The Rob Ford story isn't really about crack or poor leadership - it's a story of systemic privilege, the most dangerous form.
I admit I've been enthralled by each new chapter in the epic Ford drama, but the narratologist in me fears it's a distraction from the real story about the costs of privilege.
In many ways, we are all contributing to a system that has done Rob Ford and others like him a grave disservice. Just think of the number of public officials, celebrities, religious leaders, coaches and aspiring Reality TV "stars" who have crossed the line without appropriate social admonishment or reprimand.
For Ford and other privileged people, this is very dangerous. The combination of access, an audience and exemption from consequence has created what I refer to as "magical thinking."
I don't mean that it's associated with spiritual beliefs, nor is it what many scientists would refer to as irrational ideation. It's also not the kind of hopeful thinking that helps individuals transcend difficult situations or imagine a better world.
The form of magical thinking I'm talking about is the kind that arises from a sense of unhealthy entitlement, questionable judgment and lack of accountability.
But make no mistake, Ford is not alone. Consider recent political debacles precipitated by the actions of others entrusted with the public welfare: the e-health affair, the multi-million-dollar Ornge air ambulance scandal, the gas plant fiasco and the senators who stuck Canadian taxpayers with almost $200,000 of inappropriate housing claims.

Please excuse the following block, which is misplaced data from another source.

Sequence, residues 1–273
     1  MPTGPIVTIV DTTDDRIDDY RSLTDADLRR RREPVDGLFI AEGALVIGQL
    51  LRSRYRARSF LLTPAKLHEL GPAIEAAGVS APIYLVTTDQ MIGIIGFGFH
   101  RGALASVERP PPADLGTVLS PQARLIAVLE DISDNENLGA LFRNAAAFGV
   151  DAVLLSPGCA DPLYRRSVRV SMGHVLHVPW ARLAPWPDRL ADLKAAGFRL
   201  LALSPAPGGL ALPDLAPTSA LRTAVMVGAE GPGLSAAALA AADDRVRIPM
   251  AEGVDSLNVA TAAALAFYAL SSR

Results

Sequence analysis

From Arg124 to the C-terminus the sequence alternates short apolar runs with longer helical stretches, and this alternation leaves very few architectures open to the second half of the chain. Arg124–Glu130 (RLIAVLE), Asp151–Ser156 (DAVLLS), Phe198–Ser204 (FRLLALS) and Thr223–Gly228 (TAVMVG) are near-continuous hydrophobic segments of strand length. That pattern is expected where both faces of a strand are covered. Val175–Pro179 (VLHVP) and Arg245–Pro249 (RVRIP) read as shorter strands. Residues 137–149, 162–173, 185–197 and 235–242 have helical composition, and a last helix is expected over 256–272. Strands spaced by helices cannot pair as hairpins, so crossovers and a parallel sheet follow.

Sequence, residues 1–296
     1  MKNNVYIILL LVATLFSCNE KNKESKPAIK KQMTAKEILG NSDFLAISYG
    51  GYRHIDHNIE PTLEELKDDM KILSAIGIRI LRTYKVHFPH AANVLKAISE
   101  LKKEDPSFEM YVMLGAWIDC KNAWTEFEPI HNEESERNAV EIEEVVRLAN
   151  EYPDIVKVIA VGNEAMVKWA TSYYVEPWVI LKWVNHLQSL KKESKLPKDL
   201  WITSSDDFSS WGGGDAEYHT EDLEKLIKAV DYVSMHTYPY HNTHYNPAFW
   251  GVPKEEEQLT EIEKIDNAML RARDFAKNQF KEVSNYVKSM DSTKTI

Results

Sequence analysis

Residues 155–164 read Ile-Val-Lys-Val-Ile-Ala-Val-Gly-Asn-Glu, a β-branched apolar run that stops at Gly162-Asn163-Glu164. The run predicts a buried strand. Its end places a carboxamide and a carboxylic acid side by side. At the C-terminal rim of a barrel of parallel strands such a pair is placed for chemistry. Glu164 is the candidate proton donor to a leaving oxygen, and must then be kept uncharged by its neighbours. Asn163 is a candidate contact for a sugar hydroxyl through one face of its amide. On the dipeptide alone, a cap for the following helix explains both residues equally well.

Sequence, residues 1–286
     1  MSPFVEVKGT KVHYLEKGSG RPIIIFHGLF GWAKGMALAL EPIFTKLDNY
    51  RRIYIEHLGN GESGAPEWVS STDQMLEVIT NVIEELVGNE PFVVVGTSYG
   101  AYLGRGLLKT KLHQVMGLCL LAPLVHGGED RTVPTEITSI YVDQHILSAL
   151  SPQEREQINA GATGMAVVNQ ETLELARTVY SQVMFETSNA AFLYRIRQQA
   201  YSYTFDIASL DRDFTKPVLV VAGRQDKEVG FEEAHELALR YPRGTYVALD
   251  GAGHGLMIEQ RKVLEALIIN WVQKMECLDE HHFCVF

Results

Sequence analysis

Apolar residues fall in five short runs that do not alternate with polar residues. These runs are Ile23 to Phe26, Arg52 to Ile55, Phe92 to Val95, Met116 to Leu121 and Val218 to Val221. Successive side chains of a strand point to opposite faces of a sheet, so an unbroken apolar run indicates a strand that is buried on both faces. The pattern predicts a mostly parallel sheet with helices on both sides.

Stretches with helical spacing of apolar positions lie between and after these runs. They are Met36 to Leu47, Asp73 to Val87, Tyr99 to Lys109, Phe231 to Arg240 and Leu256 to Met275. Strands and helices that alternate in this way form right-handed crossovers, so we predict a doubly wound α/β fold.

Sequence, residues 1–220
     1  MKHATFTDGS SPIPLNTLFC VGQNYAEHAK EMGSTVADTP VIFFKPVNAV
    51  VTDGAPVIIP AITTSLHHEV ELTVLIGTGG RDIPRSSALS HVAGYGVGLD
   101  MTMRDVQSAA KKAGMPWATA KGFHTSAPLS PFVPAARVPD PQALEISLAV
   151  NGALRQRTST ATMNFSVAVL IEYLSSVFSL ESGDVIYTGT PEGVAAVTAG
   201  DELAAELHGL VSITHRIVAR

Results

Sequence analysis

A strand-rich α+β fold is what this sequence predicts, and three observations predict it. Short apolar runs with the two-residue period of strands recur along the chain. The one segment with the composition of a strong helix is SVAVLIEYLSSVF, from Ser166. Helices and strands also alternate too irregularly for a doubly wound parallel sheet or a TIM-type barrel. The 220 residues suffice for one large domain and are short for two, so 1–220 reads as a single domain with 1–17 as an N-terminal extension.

While Ford may be an easy target and a compelling character, his story is just one of many, linked to a larger meta-narrative exposing the growing number of leaders whose inflated sense of self has led them to deny their public accountability. While we're entangled in the mayor's alleged drug-taking, DUI charges, domestic set-tos, conflict of interest claims, poor social etiquette and radio show ranting, we're deflected from other important city business.
If Ford decided to spend his time and talent working for his family's successful label company, he could exercise poor judgment and magical thinking all day long. However, as an elected official, he's required to check both his privilege and his magical thinking at the door to City Hall. The problem is that many people born to wealth never develop the skills and insights required for accountability.
And why would they? As a society, we've over-empowered them by minimizing their infractions and in some instances crimes; we've stroked their egos by propagating their mini-dramas through social media and other communicative channels and tolerated behaviour that would never be acceptable for the vast majority of us.
Like many, I hope Mayor Ford will step down and seek the help he seems to need. At the same time, it's important to remember that his story is one of many in a system that abuses our trust and tax dollars to perpetuate privilege. So rather than standing in glass houses throwing stones across partisan lines, let's think of strategies for holding our elected officials to higher standards of accountability and excellence.
Jay Pitter is a senior marketing communications specialist.